Buy-to-let launches dwindle: Mortgages for Business

Buy-to-let launches dwindle: Mortgages for Business

Buy-to-let product numbers grew more slowly in the second quarter, compared with the first, following the rush to complete before the second homes stamp duty increased in April.

Mortgages for Business’ latest buy-to-let index showed the number of products available in the second quarter increased by an average of just 75 in the second quarter, compared to an increase of 142 in the first quarter.

It also attributed much of the early year increase to lenders creating separate offerings with differing stress test calculations for personal and limited company borrowers.

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The average loan-to-value of houses in multiple occupation (HMOs) increased from just 62 per cent in the first quarter to 75 per cent in the second quarter.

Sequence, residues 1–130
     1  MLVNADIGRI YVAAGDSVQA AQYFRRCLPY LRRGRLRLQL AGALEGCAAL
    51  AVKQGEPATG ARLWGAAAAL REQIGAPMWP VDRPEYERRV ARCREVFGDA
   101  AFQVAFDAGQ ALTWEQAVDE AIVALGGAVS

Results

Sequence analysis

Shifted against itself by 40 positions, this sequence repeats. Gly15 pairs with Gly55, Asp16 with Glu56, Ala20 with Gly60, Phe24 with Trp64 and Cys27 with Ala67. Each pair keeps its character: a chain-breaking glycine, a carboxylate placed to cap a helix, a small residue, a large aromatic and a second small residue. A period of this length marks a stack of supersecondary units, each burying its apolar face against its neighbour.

However, looking at the data over the last five years, loan-to-values on HMOs have remained fairly steady, averaging 69 per cent.

LTVs on “vanilla” buy-to-let property - normal two or three bed houses and flats where borrowers and properties fit the general lending criteria for off-the-shelf products - have also remained steady, averaging 67 per cent since the index began in 2011.

David Whittaker, managing director of Mortgages for Business, noted both vanilla buy-to-let and HMO property offer fairly consistent yields.

He said: “For the more cautious investor, and for those who like a mix of risk within their portfolio, 6.1 per cent average yield on a standard buy-to-let still represents a good return.

“And for the more experienced investor, HMOs certainly perform better than all other types of rental property, averaging just below 10 per cent since 2011.”

Average yields on multi-units grew to 9.5 per cent, well above the five year average of 7.4 per cent.

Semi-commercial property performed less well than expected, considering these buildings are not subject to the residential stamp duty surcharge, added the report.